skip to primary navigationskip to content

Exploring Working Memory in Maths Anxiety and Dyscalculia

It’s a fact that some students struggle with maths; however, there are potentially manyreasons as to why. Two common mathematics learning problems are Developmental Dyscalculia (hereafter referred to as simply dyscalculia) and Maths Anxiety. Dyscalculia is a learning disability in which students perform poorly in maths, yet general cognitive ability and performance in other subjects is normal. Maths anxiety, on the other hand, describes a condition in which students get nervous at the prospect of doing maths, whether taking a maths test, sitting through a maths lesson, or using maths in everyday life. Research has shown that maths anxiety has an inverse relationship with mathematics performance, which means that as maths anxiety levels increase, maths performance somewhat decreases. (Learn more about the two possible directions of the maths anxiety/math performance relationship here).

In order to help children who have these conditions it is important that we understand, as comprehensively as is possible, the underlying cognitive processes that may differentiate why students with each of these conditions struggle with maths. On the surface, dyscalculia and maths anxiety seem quite different from each other—dyscalculia is a cognitive learning disorder while maths anxiety relates to more emotional aspects. However, sometimes two seemingly different conditions can be linked to a deficit in the same cognitive domain. One candidate for a common factor is working memory, a temporary storage area in the brain for processing and manipulating information. Working memory impairments have been shown to correlate with poor maths performance in both dyscalculia and maths anxiety.

What we did

There are different types of working memory, primarily verbal working memory, visual working memory, and visual-spatial working memory*. Heretofore, no previous study had expored dyscalculia and maths anxiety together with various types of working memory tasks in order to disentangle how working memory deficits may be correlated with them. We tested a sample of 69 Italian school children (in grades 6 to 8) and divided the children into 3 groups—those with DD, those with MA, and a group of children with normal maths performance and no diagnosed learning disability, which we called the “Typically Developing Group”. The groups were all similar in reading comprehension performance, IQ, and general anxiety levels. The children were all given arithmetic and reading comprehension tests as well as tests of visual working memory, verbal working memory, and visual-spatial working memory capacity.

What we found

We found that the children in the dyscalculia and maths anxiety groups showed different types of working memory impairment. The dyscalculia group, when compared to the typically developing group, performed worse on the visual-spatial working memory task. This agreed with previous research which showed a link between DD and poor visual-spatial working memory ability3. The maths anxiety group, on the other hand, were more impaired in verbal working memory than the dyscalculia group. The maths anxiety group was also impaired in visual-spatial tasks but only when a higher working memory load was used (i.e. there were a large number of objects to be memorised). This finding supports the idea that anxiety may use up working memory resources which leads to poor maths performance4.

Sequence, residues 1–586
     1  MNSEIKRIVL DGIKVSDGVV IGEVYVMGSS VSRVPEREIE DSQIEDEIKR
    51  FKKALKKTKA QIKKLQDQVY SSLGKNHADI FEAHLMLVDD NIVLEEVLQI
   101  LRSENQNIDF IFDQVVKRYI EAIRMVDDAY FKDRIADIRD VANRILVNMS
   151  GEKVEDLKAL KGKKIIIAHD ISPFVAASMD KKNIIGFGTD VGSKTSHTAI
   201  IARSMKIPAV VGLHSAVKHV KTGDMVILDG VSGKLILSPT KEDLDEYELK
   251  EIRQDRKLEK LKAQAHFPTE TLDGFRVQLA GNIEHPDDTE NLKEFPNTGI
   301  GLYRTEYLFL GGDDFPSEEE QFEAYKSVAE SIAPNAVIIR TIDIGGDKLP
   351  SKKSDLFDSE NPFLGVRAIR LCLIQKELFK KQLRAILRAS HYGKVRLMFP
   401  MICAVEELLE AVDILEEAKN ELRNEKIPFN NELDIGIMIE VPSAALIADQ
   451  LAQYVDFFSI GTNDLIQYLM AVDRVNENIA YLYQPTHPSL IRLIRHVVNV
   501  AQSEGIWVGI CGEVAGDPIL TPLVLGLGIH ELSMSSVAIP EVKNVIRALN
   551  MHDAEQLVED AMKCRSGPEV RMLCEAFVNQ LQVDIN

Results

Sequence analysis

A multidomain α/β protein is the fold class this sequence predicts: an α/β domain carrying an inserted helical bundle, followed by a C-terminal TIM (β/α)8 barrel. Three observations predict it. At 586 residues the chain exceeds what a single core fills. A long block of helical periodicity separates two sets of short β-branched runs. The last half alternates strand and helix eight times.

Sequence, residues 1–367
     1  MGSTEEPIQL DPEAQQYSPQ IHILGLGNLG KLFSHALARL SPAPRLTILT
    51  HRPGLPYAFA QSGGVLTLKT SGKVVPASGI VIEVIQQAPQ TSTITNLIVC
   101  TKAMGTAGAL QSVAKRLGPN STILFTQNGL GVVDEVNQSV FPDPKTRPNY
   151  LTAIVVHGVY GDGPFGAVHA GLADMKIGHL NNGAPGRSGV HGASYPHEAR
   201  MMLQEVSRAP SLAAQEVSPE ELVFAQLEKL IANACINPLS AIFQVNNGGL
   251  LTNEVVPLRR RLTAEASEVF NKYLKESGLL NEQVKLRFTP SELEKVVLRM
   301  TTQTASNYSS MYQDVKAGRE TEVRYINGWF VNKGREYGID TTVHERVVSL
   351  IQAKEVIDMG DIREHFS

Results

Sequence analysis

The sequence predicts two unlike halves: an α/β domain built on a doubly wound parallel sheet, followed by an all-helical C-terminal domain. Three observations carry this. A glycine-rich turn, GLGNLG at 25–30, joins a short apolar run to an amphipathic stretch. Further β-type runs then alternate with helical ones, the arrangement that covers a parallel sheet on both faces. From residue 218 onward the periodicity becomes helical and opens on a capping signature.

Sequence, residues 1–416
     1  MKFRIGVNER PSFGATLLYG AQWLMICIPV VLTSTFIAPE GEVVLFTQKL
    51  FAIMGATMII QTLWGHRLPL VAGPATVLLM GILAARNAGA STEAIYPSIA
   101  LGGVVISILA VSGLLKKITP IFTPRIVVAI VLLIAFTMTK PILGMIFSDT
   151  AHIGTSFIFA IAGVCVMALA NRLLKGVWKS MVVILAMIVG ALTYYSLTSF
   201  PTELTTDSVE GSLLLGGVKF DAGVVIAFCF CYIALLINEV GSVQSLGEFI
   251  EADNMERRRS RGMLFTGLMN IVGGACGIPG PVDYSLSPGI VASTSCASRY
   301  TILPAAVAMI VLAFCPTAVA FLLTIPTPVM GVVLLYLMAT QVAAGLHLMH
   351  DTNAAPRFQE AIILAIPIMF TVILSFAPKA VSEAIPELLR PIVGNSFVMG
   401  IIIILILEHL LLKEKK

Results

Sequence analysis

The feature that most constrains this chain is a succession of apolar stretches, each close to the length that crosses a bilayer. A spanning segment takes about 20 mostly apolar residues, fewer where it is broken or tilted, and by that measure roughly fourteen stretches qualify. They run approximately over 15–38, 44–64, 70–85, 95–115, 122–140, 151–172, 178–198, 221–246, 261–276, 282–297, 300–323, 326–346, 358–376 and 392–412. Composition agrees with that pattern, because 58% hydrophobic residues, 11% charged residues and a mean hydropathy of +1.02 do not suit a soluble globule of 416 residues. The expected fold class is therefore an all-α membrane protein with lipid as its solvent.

What Are the Real-World Implications?

Our finding, that children with dyscalculia have different patterns of working memory impairment than do children with maths anxiety, could have both educational and clinical implications. Having a better understanding of the characteristics of these two learning impairments could help in the development of effective interventions. For example, knowing that children with maths anxiety are likely to have an impaired verbal working memory can guide educators to give more scaffolding and resources to students when doing word problems in maths class. Similarly, extra support can be offered to children with dyscalculia (and maths anxiety when the load is greater) for maths tasks which require mental manipulation of objects.

Links to Articles

1.)           Mammarella, I. C., Hill, F., Devine, A., Caviola, S., & Szűcs (2015). Math anxiety and developmental dyscalculia: A study on working memory processes. Journal of Clinical and Experimental Neuropsychology, 37(8), 878-87.

 

Other Recommended Reading

2.)           Carey, E., Hill, F., Devine, A., & Szűcs, D. (2015). The chicken or the egg? The direction of the relationship between mathematics anxiety and mathematics performance. frontiers in Psychology, 6, 1-6.

3.)           Szűcs, D., Devine, A., Soltesz, F., Nobes, A., & Gabiel, F. (2013). Developmental dyscalculia is related to visuo-spatial memory and inhibition impairment. Cortex, 49(10), 2674-88.

4.)           Ashcraft, M. H. & Kirk, E. P. (2001). The relationships among working memory, math anxiety, and performance. Journal of Experimental Psychology: General, 130(2), 224-37.

 

* Verbal working memory involves the storage of verbal information and grammatical structures. Visual working memory involves the storage of visual information while visual-spatial also includes the dimensional element of storing information related to where objects are located in space.